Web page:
The last one with the disco lights is an experiment to see whether different light wavelengths improve the growth-rates of the algae.

The current plant captures 1 ton of CO2 per hour, which is pretty small beer on the grand scheme of things. The Taiwan government plans to have a larger scale project up and running by 2020. Where this demo is working on a 1.9MW plant, they want to scale this up to a 300MW plant. The hope is that scaling up and improving efficiency will reduce costs to $20 per ton of CO2. The full scale plant will produce far too much CO2 to be used for algae and biofuels.

Instead, the intention is to use as much as possible for enhanced gas recovery (EGR) in the small natural gas fields in northwest Taiwan, and to store whatever remains in deep saline aquifers off the west coast - which is where my seismological knowledge was required to ensure that storage could be achieved safely.

Taiwan has a number of small natural gas fields - which have stored gas safely despite all of the seismicity (Taiwan experiences 20,000 detected earthquakes per year). Taiwan also operates natural gas storage projects - injecting natural gas into saline aquifers for storage, to be removed for use at later dates (usually in the winter when gas is more expensive). If these natural gas fields and storage sites can maintain storage integrity, there is no reason to think that CO2 could not be stored safely. However, as with all such projects, rigorous site characterisation and geomechanical modelling should be conducted before injection starts, and injection should be monitored throughout with a range of geophysical techniques.

I'll close, however, not with geophysics but with some wider thoughts. Much like when I once visited Beijing, this site really shows the scale of the issue we face if we are to reduce human CO2 emissions to a sustainable rate. This cement plant is absolutely, mind-blowingly, huge! It's churning through coal and calcium carbonate, and burping out CO2, at an incredible rate. The amount of energy this plant must consume is huge.

Much of the world's CO2 emissions are forecast to come from countries like Taiwan that are looking to grow their economies substantially, powered mostly by coal. There's simply no way that a plant like the one we visited today can be powered by renewable energy sources. Not a chance. Yet plants like this are absolutely vital to Taiwanese economic development - this is the major employer in the district. Even if we in the west make every effort to move to renewable energy sources, I don't see these as being viable in any significant way for some of these developing nations. Yet when it comes to CO2, the world doesn't care what country emitted it.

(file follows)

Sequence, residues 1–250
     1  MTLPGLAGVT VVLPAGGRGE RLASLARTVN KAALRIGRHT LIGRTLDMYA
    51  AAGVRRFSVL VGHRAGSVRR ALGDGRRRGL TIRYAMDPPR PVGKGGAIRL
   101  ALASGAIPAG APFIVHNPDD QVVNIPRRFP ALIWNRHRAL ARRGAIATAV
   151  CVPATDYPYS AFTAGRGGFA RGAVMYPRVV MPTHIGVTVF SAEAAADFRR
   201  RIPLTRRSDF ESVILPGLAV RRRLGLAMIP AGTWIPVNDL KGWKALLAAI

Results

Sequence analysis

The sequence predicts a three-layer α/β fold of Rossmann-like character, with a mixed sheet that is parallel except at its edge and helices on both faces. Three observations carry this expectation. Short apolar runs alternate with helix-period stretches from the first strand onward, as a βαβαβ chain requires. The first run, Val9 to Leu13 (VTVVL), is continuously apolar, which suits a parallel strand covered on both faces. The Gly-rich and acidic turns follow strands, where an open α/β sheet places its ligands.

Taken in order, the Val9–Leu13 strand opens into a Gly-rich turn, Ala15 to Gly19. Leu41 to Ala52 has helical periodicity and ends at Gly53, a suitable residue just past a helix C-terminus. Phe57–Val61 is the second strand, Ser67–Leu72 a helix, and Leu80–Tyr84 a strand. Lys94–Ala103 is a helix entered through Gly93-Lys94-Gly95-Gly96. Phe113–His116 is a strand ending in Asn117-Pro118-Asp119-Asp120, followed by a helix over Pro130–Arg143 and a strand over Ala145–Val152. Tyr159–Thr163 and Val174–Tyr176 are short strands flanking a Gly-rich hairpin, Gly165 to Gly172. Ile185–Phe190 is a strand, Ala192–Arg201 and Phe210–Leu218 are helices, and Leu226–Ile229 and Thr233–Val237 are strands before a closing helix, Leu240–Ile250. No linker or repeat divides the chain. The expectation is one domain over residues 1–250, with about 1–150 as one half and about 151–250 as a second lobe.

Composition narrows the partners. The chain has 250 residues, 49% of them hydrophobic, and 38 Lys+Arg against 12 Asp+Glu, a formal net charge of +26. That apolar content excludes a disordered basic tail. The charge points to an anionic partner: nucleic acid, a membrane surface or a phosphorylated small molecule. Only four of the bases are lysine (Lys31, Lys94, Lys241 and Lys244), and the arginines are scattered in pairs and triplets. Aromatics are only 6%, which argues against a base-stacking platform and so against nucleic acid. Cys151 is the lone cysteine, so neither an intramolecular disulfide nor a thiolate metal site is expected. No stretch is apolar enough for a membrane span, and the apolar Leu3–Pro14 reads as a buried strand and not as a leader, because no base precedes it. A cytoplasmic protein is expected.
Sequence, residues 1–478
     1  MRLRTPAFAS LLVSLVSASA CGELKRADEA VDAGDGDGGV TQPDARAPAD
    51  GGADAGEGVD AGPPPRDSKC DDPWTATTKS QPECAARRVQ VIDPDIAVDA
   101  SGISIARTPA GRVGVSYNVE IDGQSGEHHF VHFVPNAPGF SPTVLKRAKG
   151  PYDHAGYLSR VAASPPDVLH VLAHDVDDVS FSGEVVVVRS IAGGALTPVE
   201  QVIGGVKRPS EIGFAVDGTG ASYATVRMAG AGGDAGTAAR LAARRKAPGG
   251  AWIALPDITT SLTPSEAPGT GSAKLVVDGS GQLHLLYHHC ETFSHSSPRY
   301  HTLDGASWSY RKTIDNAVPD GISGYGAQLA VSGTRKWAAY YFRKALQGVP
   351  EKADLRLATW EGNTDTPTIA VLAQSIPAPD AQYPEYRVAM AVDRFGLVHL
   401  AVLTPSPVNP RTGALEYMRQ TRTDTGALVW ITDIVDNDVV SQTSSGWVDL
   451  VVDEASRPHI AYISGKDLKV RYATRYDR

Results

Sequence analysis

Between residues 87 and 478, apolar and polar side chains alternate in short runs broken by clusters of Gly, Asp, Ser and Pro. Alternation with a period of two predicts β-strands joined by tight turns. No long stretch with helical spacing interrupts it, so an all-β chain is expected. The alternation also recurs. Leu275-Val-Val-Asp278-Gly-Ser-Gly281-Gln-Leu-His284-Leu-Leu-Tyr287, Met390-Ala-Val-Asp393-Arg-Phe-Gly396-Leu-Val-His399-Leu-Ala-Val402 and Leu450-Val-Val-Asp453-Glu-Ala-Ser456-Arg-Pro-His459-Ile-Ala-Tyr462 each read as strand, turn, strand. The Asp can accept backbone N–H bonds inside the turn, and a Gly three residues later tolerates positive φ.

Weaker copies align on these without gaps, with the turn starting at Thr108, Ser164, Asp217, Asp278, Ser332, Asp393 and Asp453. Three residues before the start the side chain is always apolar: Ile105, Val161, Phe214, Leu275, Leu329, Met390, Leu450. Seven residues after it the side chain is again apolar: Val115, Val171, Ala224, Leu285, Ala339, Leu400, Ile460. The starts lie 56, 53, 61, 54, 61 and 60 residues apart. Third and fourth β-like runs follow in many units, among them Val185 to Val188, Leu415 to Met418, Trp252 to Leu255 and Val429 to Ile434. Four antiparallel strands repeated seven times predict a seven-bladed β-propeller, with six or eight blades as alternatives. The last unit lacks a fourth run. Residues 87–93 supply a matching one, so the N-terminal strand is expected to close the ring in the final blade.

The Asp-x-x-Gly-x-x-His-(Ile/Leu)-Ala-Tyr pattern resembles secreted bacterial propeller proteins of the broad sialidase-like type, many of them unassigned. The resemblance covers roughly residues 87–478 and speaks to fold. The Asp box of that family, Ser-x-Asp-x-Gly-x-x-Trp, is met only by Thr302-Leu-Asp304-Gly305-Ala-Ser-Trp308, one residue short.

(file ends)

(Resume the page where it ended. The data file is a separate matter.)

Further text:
It is rather fortunate that my visit today coincided with the release of the House of Commons Energy and Climate Change Select Committee report on CCS, which has urged for the technology to be fast tracked. Without CCS, I don't see how we can otherwise deal with this issue - maintaining economic growth in developing economies while reducing emissions. It is reassuring to see that the Taiwanese (or the government and academia at least) appear to be as keen for CCS as our Select Committee is.


  1. Hi JV, I find this a very interesting blog. I cannot see how CCS can be economically viable. Those countries that use this technology, if it can be developed, will find their industry undercut by those nations that do not use it. In fact the whole idea of all industrial nations agreeing to significant binding cuts in CO2 emissions seems to be a non-starter. Cuts by the "developed" nations alone will simply not achieve the CO2 reductions needed to prevent levels from continuing to increase. I am surprised that you are still convinced that these cuts are necessary in the light of increasing evidence that climate sensitivity to CO2 is much lower than originally predicted by the climate models. Surely the 17 years without any significant warming must give you pause for thought. I realise that it is difficult for you to take a sceptic view when your work, to a significant degree, depends upon the need for CCS.